We have shown you how to connect to TOR network so you can surf privately and anonymously, but what if you are surfing mostly on your Android phone? What can you do to protect your privacy?
Using Orbot to connect to the TOR network is a way to hide your identity online. Using TOR on Android will change your IP address through the use of a proxy server to better hide your identity. This system will work with searches, social network accounts and other things you might do in your digital life. You don’t need a rooted phone for this to work, but you will have a greater level of anonymity if your pphone is rooted.
Getting Started with TOR
There are several ways to download Orbot. If you are concerned about where you are downloading the app, you can choose the Google Play Store or the Guardian Project site itself. It is also available on Amazon Appstore and F-Droid. All of them offer the exact same download, but you can choose the source that is most convenient and trustworthy.
Once you have installed the app, you’ll want to start with the wizard. The wizard is pretty straight forward and walks you through the steps of what apps work well with Orbot.
You will also be given many different options, especially if your device is rooted, like having all of the applications run through Orbot or only specific ones.
If you have your device rooted, you’ll need to grant Orbot superuser access all of the time. Otherwise, when you start an app like DuckDuckGo, the connection might not be there.
Without changing any settings, the Google Chrome search widget did not work initially. I need to reboot my tablet for the other apps to be rerouted through the proxy server. Once everything is reset, you can open a web browser and go to a site that checks your IP address and see if the IP address shows a different location than where you actually are. Since my tablet is rooted, even the preinstalled Google Chrome browser and search widget goes through a proxy server.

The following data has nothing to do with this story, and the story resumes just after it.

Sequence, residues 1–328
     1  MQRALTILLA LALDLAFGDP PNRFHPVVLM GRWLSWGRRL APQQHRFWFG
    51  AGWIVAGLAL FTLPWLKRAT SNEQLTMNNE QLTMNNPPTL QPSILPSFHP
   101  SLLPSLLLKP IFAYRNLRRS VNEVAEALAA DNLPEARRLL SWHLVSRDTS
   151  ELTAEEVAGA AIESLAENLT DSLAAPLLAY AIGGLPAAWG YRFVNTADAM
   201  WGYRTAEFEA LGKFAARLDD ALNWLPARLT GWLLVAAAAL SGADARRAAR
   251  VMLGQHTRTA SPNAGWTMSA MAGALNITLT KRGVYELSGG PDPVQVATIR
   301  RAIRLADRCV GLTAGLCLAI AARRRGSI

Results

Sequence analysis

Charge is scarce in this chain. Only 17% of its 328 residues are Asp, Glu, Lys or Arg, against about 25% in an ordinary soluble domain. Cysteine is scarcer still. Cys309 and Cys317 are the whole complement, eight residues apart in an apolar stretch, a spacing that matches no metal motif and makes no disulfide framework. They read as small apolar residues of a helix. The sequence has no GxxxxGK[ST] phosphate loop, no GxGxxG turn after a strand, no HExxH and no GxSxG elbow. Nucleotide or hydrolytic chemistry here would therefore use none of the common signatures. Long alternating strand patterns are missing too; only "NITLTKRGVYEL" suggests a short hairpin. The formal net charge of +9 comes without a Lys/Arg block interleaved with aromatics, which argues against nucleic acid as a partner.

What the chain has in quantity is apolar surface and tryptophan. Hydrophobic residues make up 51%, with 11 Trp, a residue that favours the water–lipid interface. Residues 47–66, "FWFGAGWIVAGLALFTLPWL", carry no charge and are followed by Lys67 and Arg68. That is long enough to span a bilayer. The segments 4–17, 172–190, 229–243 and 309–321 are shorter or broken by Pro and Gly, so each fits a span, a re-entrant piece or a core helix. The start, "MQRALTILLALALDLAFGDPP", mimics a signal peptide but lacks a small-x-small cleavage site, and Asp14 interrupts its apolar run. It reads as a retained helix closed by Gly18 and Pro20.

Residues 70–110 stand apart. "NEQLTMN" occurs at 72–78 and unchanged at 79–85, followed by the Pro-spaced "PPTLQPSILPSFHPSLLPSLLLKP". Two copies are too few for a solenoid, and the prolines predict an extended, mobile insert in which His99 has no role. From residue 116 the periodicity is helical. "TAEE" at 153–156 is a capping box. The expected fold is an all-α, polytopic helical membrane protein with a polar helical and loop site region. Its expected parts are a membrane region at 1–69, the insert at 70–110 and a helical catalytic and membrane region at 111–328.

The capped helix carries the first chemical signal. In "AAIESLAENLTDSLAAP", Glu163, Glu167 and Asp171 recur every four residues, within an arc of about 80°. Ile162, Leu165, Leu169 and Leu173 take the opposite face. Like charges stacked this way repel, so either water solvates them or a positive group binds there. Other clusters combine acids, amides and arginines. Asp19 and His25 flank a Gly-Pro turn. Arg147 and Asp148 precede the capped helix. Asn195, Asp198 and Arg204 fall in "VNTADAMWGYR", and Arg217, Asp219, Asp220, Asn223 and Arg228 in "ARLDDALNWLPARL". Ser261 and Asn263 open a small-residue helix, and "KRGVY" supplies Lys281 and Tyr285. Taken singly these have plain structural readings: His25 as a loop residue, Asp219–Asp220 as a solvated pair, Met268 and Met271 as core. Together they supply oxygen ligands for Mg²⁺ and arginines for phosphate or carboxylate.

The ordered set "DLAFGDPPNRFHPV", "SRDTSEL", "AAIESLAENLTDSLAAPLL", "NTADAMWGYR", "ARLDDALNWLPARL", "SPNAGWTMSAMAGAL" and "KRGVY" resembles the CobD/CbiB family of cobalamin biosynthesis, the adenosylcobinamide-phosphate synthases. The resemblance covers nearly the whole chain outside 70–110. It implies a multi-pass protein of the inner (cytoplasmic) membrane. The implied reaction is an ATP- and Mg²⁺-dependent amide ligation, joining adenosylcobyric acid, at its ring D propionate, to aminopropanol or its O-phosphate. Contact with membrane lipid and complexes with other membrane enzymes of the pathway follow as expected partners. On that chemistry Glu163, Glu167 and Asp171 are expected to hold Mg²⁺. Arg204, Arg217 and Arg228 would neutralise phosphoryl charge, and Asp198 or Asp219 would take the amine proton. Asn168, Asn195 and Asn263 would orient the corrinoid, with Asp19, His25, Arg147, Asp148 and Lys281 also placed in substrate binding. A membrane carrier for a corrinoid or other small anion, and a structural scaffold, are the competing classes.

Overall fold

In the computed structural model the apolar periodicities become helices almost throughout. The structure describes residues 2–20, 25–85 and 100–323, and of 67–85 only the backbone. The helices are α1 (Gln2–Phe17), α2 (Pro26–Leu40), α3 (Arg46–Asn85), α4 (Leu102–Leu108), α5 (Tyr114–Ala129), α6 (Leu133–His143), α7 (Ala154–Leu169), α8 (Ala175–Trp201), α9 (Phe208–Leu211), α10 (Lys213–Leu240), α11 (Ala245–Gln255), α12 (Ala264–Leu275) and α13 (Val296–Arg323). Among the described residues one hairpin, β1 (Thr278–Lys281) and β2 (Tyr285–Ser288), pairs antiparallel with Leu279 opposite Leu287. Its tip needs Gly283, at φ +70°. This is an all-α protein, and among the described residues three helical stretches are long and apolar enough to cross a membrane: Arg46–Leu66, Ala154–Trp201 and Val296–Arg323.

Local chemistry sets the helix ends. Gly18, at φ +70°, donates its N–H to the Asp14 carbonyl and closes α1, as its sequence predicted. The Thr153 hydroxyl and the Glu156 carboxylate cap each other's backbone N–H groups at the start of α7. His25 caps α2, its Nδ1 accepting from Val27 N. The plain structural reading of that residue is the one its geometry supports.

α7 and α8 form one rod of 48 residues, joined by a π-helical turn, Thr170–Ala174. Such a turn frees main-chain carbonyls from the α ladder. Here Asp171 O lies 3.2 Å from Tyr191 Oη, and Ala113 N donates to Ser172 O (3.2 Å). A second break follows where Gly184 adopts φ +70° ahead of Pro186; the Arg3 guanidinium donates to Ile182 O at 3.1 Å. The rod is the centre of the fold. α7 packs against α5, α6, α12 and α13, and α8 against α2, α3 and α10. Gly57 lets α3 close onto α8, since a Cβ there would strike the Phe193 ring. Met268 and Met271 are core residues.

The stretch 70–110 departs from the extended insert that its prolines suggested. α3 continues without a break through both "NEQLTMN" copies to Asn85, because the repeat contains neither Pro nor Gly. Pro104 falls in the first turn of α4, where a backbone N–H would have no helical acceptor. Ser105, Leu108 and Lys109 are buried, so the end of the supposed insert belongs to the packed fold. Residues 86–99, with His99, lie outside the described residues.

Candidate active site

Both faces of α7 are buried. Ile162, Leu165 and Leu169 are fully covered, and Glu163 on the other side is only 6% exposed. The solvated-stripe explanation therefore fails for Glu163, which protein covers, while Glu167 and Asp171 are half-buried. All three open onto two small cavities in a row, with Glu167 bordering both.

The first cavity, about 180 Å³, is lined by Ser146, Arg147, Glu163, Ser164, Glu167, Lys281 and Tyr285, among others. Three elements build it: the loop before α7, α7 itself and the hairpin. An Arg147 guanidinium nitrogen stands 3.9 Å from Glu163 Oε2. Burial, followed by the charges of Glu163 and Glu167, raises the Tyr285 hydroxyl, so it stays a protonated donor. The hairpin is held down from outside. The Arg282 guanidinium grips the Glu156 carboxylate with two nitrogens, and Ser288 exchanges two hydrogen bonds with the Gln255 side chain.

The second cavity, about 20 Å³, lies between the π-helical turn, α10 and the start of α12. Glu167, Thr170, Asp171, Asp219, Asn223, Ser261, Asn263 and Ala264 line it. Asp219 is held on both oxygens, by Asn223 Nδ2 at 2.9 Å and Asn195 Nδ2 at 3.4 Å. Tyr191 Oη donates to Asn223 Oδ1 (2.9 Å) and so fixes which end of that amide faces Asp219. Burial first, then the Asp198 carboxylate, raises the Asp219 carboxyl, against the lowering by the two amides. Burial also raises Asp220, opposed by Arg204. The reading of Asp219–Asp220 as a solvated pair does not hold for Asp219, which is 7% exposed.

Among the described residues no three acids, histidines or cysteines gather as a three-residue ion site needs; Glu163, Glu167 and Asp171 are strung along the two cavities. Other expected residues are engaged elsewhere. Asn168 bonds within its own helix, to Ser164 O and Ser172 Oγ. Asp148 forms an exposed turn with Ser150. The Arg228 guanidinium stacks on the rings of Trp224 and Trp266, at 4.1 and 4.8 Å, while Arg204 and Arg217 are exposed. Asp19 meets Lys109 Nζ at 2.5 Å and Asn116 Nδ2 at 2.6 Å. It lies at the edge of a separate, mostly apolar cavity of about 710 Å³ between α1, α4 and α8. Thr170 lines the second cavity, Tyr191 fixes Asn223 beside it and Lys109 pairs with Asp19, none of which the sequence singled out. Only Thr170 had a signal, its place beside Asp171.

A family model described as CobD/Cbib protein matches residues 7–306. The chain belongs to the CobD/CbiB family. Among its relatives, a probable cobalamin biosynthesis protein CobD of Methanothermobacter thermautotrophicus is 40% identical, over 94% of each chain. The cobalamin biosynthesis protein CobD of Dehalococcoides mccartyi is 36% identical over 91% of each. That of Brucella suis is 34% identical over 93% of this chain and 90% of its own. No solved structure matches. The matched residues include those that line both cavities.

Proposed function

Some of the applications like Firefox and Twitter may need to be configured or have add-ons. This is more for the non-rooted users or those choosing not to use the transparent proxy feature. With Twitter, go to the Settings and select Proxy. In this tab, you’ll be asked to enable this option as well as set the proxy host and proxy port.
With Firefox, you simply need to download an addon.
If you would like other apps specifically made to work with the system, there is a web browser, DuckDuckGo search engine and an Instant Messenger as well as Twitter and Firefox. These applications and addons can be downloaded directly from the setup wizard or you can always go to The Guardian Project website and download them.
A point to note is that to install the APK files you downloaded, you have to enable the option to install apps not from the Google Play Store, just like you would if you install something from the Amazon app store.
Using TOR for Android
Once everything is configured, you should be able to use applications like normal. While you are using your Android , the IP address will periodically change to better hide your personal information and keep your connections more secure.
For Android users without rooted devices, you will need to install the applications like DuckDuckGo, make adjustments to the Official Twitter app, and use either the Firefox browser or the Orweb browser or you will not be protected and just have another app running in the background.
While there are some limitations to this privacy and security option, especially for non-root users, there are some great advantages as well. If you are the type of person that connects to every single free WiFi available to help limit data usage, you might be an easier target than someone else. By having a little added security, you can definitely feel a little more at ease.
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